Alpaca Barn | Facts | Farm Basics | Fencing | Pasture and Feed | History

What is an alpaca?

Alpacas are members of the camel family.  Yes, alpacas are very small, cute camels.  When most people think of camels, they usually think of the humped animals that live in the Sahara Desert and Middle East.  Actually, there are six different kinds of camels, all with very different personalities, and all with very different purposes in life.  Some camels carry things or guard flocks of sheep, while other camels, like the vicuna and alpaca of South America, produce soft, luxurious fleeces.

alpacas grazing

Where are alpacas from?

Alpacas are found indigenously only in South America, especially along the west-central part of the continent, in the countries of Chile, Bolivia, and Peru, with a very high concentration around Lake Titicaca, a body of water high in the Andes Mountain Range that straddles the border between Bolivia and Peru.

Alpaca Fleece

Alpaca fleece first captured the attention of the ancient Incan royalty hundred of years ago.  Clothing for the royal family and high government officials was made exclusively from alpaca fiber.   In fact, reverence for the buttery soft, luxurious alpaca clothing caused alpaca to become known as “The Fiber of the Gods”.

A Little More History

Regrettably, the alpaca suffered terribly at the hand of European conquerors in the 1500’s.  As the Conquistadors brought European livestock to South America (especially sheep), most of the native alpacas were either killed or were pushed into the highest, most inhospitable region of the Andes – an area known as the “Altiplano”, which is a high mountain desert that is very windy, dry, barren, and contains sparse vegetation.  Peruvian historians estimate that approximately 90% of the entire world’s population of alpacas died during the 1500’s as a result of this tragic annihilation.

Fortunately, the story of the alpaca became much brighter, beginning in the mid-1800’s and continuing on to the present day.  Here’s what happened.  In the late 1700’s and early 1800’s, the Industrial Revolution transpired throughout Europe.  In England, massive textile mills were built.  One mill, owned by Sir Titus Salt, was designed around the unique characteristics of processing alpaca fleece.  So unlike his colleagues – all of who were processing sheep’s wool – Sir Titus had a monopoly on taking raw alpaca fiber from South America and turning it into beautiful and luxurious cloth.  That cloth became a favorite of the British royal family, and from there spread to the fashion houses of Continental Europe.  Once again, alpaca fiber took its place as a natural animal fiber fit for royalty.  And the news is encouraging also for the South American campesinos (poor native alpaca farmers).   From roughly the mid-1800’s to today, these traditional alpaca caretakers have a “cash crop” that they can get simply by shearing the fleeces from their animals.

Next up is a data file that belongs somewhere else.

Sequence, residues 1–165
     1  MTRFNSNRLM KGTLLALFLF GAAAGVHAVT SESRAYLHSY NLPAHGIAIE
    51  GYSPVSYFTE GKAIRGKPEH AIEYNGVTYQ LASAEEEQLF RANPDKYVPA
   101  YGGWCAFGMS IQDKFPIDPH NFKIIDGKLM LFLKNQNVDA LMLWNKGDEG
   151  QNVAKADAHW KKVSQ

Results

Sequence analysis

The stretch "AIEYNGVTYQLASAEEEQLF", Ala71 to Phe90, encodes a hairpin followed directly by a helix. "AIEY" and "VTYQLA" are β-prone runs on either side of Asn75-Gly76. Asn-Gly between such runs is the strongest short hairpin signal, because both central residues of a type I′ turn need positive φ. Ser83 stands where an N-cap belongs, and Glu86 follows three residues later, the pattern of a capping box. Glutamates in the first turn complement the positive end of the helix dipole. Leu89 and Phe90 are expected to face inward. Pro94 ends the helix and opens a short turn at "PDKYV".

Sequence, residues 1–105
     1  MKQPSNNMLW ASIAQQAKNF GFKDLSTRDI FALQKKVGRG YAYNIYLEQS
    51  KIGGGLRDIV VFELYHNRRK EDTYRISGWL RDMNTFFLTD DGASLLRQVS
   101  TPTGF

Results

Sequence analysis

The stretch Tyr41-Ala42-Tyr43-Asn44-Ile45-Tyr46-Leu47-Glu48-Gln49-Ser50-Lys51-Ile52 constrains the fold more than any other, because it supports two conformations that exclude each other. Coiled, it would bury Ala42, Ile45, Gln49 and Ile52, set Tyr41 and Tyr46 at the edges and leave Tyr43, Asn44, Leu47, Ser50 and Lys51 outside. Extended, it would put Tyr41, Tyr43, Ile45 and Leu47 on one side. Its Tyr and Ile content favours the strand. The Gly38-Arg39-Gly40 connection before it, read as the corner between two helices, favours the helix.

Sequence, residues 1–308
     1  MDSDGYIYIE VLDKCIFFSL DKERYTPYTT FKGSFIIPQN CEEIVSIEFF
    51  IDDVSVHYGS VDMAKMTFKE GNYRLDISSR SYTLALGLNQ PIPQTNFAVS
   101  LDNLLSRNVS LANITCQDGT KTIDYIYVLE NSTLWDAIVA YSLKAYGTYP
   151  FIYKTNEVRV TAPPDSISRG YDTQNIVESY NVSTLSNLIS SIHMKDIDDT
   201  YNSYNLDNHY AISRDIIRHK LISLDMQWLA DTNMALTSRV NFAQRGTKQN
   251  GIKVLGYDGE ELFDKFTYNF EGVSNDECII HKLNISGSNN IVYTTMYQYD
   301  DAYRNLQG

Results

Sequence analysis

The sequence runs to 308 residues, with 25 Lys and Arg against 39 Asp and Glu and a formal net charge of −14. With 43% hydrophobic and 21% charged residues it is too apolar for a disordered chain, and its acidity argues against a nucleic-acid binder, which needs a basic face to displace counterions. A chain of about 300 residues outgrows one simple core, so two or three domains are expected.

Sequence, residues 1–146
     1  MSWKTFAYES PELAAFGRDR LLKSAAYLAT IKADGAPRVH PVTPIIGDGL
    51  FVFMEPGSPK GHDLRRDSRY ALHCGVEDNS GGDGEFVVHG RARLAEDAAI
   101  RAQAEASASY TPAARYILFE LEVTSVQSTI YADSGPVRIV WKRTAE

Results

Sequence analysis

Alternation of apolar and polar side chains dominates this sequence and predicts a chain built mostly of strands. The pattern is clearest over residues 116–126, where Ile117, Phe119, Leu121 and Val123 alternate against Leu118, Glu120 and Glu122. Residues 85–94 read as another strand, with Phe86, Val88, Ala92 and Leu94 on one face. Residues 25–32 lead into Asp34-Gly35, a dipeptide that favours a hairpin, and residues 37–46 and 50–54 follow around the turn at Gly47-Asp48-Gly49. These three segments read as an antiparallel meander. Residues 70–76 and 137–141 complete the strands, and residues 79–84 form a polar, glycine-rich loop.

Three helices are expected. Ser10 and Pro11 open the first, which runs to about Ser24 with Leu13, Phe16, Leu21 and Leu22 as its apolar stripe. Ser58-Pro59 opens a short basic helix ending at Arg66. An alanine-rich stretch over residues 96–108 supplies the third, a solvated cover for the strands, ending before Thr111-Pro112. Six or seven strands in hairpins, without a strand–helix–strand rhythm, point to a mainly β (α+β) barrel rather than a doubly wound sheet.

What happened to the alpaca?

So how did alpacas come to be in other parts of the world?  Well, this is an interesting question, with a somewhat complex answer.  Initially, there were no “protocols” in place for the exportation of alpacas between Chile, Bolivia, or Peru and other countries of the world.  In fact, considering what a national treasure alpacas were to these countries, there was no particular need to make that happen.  But in the mid-1980’s, due to a complex mix of geo-political and economic circumstances in South America – including significant terrorist activity in Peru – these three countries negotiated the necessary protocols to export animals to such countries as Australia, New Zealand, Canada, the United States, England, and Israel.

alpaca herd

The Alpaca Registry in the USA

Those limited exports have made a dramatic difference in the lives of alpacas.  For example, alpacas exported to the U.S. were bought either by ship or by plane.  Large-scale alpaca importations into the U.S. occurred during a 14-year window, from 1984 to 1998.  Qualified animals imported into the U.S. were issued a pedigree registration by the Alpaca Registry, Inc. (or “ARI”).  This ARI certificate is a valuable document that traces the lineage of each animal, including colors, dates of birth, and important information.  Information contained on those ARI pedigree certificates is verified through DNA blood-testing to ensure accuracy.  In 1998, U.S. breeders closed the ARI pedigree registry to further imported animals, thus effectively stopping the flow of alpacas into the United States and preserving the value of the animals that are in the United States.

For more information on alpacas take a look at some of the references we use at alpaca books.  If you have any questions please feel free to contact us and we'll be happy to answer any questions you may have.

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Dave & Karen Galbraith
P.O. Box 820
Talihina, Oklahoma 74571

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